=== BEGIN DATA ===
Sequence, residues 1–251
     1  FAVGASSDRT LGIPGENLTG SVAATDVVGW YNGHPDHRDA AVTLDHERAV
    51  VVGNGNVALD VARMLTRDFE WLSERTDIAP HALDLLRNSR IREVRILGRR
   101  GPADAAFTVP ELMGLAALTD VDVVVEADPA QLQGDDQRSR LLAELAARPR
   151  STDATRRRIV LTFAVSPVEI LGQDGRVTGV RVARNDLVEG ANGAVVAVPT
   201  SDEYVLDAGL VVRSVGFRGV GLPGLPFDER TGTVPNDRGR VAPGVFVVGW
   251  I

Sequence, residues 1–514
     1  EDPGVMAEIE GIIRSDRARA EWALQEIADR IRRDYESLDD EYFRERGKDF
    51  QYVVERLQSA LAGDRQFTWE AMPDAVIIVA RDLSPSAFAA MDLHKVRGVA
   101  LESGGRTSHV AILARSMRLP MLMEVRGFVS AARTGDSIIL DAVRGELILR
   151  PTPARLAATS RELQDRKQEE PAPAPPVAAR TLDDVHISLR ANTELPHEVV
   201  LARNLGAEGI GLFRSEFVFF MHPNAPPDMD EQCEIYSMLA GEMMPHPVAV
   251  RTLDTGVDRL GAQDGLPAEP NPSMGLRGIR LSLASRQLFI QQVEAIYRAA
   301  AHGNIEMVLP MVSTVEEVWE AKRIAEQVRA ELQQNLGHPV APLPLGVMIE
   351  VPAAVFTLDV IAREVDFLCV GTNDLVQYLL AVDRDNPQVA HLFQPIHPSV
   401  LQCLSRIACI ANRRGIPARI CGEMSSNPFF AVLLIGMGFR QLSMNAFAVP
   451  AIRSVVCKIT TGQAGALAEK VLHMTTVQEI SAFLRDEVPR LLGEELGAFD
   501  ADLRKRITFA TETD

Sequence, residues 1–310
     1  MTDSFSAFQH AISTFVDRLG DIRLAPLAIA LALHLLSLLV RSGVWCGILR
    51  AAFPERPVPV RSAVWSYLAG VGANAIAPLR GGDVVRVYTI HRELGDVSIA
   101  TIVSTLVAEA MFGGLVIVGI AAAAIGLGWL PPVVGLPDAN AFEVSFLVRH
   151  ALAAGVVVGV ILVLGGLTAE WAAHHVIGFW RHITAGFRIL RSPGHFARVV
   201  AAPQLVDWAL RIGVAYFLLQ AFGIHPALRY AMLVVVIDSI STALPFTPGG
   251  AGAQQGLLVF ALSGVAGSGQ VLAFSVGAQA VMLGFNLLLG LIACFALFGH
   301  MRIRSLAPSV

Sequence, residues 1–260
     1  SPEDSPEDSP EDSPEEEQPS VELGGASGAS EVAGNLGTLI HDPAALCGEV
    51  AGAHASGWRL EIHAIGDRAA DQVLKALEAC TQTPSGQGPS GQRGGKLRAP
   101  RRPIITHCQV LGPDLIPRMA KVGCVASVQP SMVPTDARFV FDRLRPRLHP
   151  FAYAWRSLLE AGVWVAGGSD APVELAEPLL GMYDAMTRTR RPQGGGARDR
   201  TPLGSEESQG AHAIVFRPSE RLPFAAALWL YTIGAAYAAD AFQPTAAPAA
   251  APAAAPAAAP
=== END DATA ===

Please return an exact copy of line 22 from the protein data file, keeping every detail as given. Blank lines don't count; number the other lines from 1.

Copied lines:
    51  AAFPERPVPV RSAVWSYLAG VGANAIAPLR GGDVVRVYTI HRELGDVSIA